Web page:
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Genetic Linkage

A 31-Gene Test to Predict Alzheimer’s

When the direct-to-consumer genetic testing company 23andMe received FDA approval back in April to market a test for the e4 variant of the gene APOE, which is associated with elevated risk of developing late-onset Alzheimer’s disease, it gave people a possible peek into their futures.

About 15 percent of the population has one or two copies of the high-risk gene variant. For a long time the risk of developing Alzheimer’s for e4 double-dose individuals was 12 to 15 fold, but only 3 fold for those with one copy. Those figures have declined with re-analysis of the data.

A new 31-gene test can identify individuals at higher risk for the disease, including many who test okay for APOE e4. (Which stands for "apolipoprotein E epsilon 4 allele.")

A MORE POWERFUL TEST Read More 
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Autism Gene Discovery Recalls Alzheimer’s and BRCA1 Stories

Discovery of a new gene behind autism cleverly combines genetic techniques new and classic.

Autism has been difficult to characterize genetically. It is probably a common endpoint for many genotypes, and is a multifactorial (“complex”) trait. That is, hundreds of genes contribute risk to different degrees, as do environmental factors. Research reports implicate either dozens of genes in genomewide sweeps, or focus on a few genes that encode proteins that act at synapses, such as the < href="https://www.autismspeaks.org/science/grants/neuroligins-and-neurexins-autism-candidate-genes-study-their-association-synaptic-con">neuroligins and neurexins. Read More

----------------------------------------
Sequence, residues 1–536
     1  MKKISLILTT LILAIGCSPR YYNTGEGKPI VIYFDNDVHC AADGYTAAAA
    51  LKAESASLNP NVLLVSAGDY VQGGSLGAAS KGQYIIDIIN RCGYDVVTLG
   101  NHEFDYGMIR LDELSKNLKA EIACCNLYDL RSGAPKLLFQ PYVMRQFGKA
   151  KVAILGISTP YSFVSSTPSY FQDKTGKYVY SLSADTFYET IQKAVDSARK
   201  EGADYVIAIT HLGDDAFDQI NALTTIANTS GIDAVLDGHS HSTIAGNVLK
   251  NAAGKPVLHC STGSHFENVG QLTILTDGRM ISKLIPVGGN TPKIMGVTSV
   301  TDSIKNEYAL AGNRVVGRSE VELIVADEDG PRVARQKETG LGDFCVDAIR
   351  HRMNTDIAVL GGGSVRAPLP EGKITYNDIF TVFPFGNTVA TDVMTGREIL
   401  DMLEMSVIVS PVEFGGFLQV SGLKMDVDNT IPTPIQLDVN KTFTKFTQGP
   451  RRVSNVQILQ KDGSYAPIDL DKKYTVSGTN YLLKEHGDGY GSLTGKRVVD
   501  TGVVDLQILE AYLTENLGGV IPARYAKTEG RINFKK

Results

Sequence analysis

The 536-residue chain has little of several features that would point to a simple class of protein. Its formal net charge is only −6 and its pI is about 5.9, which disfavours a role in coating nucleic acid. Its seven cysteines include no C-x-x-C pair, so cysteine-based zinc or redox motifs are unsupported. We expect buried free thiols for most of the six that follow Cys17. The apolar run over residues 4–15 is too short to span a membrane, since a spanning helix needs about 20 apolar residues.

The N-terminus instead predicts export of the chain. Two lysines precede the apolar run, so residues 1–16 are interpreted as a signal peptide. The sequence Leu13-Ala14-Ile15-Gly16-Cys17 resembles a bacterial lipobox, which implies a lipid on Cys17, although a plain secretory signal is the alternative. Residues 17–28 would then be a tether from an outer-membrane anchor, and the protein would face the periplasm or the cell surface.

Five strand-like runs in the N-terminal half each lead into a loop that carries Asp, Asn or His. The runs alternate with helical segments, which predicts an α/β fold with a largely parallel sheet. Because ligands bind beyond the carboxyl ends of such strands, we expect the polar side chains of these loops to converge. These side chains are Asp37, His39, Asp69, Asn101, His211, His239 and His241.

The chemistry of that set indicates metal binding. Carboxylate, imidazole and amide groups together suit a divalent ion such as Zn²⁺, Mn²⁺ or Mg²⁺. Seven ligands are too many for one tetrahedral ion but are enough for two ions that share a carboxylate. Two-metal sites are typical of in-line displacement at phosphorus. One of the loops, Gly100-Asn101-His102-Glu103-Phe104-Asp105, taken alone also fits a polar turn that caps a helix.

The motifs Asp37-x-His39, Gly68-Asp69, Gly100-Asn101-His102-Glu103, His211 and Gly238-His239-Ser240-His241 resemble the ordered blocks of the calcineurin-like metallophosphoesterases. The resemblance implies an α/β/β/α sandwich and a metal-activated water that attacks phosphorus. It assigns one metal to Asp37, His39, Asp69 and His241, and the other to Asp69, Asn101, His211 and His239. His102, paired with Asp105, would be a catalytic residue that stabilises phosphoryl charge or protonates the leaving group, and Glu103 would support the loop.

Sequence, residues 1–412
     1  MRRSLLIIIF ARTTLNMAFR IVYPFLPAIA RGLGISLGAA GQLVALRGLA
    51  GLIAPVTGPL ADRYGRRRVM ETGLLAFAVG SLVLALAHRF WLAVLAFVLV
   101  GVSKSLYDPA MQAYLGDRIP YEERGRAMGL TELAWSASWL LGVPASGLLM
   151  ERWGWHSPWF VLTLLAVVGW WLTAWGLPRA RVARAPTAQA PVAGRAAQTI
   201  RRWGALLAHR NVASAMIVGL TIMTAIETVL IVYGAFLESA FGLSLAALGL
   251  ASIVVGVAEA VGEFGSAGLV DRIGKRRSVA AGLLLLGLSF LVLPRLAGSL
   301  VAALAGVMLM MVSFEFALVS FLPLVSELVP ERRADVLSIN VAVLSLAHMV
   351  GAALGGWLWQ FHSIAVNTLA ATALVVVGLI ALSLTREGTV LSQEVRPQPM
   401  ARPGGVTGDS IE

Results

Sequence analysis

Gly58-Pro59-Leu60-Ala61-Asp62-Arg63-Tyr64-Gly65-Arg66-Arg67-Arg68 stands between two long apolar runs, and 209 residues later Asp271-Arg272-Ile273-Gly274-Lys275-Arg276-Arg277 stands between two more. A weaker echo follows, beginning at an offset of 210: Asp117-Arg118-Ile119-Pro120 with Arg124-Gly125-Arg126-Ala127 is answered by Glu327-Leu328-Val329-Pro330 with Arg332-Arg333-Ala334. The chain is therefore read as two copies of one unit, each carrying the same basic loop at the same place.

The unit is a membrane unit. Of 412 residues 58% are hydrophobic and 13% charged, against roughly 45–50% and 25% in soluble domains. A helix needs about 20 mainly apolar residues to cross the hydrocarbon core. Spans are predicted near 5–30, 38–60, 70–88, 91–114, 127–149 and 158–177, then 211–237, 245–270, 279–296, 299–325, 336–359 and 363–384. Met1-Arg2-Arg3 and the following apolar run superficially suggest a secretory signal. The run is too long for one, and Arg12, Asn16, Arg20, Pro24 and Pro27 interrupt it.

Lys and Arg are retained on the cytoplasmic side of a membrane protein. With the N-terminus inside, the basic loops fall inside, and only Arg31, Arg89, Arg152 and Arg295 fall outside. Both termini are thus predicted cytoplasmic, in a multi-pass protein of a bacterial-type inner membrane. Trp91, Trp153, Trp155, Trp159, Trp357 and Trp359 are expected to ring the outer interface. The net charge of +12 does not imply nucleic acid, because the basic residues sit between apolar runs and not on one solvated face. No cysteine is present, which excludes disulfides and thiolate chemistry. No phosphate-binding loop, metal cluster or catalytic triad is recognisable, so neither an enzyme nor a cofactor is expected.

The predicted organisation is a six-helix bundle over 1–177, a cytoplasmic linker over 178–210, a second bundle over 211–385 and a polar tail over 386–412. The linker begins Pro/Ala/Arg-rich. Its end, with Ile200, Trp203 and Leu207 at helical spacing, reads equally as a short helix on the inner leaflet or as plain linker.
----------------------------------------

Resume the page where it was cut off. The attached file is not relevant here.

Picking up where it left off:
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A Little Girl with Giant Axons, a Deranged Cytoskeleton, and Someday Gene Therapy

Hannah, 7 years old (Dr. Wendy Josephs)
“When you hear hoof beats, think horses, not zebras.” So goes the mantra of first-year medical students. If a common disease is a horse and a rare disease a zebra, then giant axonal neuropathy (GAN), with only 50 or so recognized cases worldwide, is surely a unicorn.

Five years ago this week, 9-year-old Hannah Sames of Rexford, New York, who lives near me, received a diagnosis of GAN, a disease much like amyotrophic lateral sclerosis. And this month, thanks in part to the herculean fundraising efforts of Hannah's Hope Fund (HHF), the cover and lead article of the Journal of Clinical Investigation reveal most of the story behind the devastating inherited disease, with repercussions that will reach far beyond the tiny GAN community. Read More 
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Jim Watson at International Congress of Human Genetics

Montreal, Oct. 11, 2011 -- James Watson joined a panel of “genome pioneers” at the opening session of the 12th International Congress of Human Genetics today. He was invited, besides his fame, because he was the second person to have his genome sequenced (Craig Venter was first), but his comments revealed that perhaps his most telling qualification is that he has a son who has schizophrenia. Known for his controversial views, Dr. Watson did not disappoint.  Read More 
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"Animals Containing Human Material" -- Welcome!

A new biomedical abbreviation debuted July 22, ACHM (for Animals Containing Human Material) in a report of the same name from the UK Academy of Medical Sciences. ACHM will soon replace, I hope, the phrase “humans and animals,” which implies to the taxonomically inclined that we are instead fungus, plant, or microbe. Read More 
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